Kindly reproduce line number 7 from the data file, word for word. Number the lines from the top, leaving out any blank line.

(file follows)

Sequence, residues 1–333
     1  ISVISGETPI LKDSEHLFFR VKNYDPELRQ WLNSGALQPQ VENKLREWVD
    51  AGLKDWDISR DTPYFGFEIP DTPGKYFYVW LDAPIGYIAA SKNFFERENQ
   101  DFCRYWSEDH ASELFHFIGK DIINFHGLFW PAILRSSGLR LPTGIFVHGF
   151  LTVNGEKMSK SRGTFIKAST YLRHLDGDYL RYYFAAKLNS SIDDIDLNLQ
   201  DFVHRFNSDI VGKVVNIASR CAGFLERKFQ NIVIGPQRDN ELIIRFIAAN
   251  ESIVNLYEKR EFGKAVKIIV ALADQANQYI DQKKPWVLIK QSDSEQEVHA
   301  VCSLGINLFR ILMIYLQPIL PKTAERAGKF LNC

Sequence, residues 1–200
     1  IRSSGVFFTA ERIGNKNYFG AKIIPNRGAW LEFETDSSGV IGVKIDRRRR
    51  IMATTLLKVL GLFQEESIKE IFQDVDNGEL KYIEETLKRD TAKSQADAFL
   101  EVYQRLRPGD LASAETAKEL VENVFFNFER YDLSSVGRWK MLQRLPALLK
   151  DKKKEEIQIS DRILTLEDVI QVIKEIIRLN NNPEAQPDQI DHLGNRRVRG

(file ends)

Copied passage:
   251  ESIVNLYEKR EFGKAVKIIV ALADQANQYI DQKKPWVLIK QSDSEQEVHA